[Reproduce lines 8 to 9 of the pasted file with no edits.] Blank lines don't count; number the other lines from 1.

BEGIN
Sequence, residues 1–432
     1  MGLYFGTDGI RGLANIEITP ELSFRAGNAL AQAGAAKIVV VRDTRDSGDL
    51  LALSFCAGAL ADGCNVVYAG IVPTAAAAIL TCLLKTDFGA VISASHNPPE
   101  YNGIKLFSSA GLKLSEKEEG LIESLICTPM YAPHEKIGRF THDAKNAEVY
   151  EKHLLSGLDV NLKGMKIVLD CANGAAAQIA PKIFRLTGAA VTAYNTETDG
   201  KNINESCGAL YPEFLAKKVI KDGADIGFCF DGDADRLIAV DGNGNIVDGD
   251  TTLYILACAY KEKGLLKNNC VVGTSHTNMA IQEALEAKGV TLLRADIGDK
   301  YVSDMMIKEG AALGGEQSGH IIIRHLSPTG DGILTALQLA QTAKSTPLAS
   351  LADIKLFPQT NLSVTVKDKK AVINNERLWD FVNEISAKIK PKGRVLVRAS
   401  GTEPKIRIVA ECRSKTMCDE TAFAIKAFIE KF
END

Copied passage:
   301  YVSDMMIKEG AALGGEQSGH IIIRHLSPTG DGILTALQLA QTAKSTPLAS
   351  LADIKLFPQT NLSVTVKDKK AVINNERLWD FVNEISAKIK PKGRVLVRAS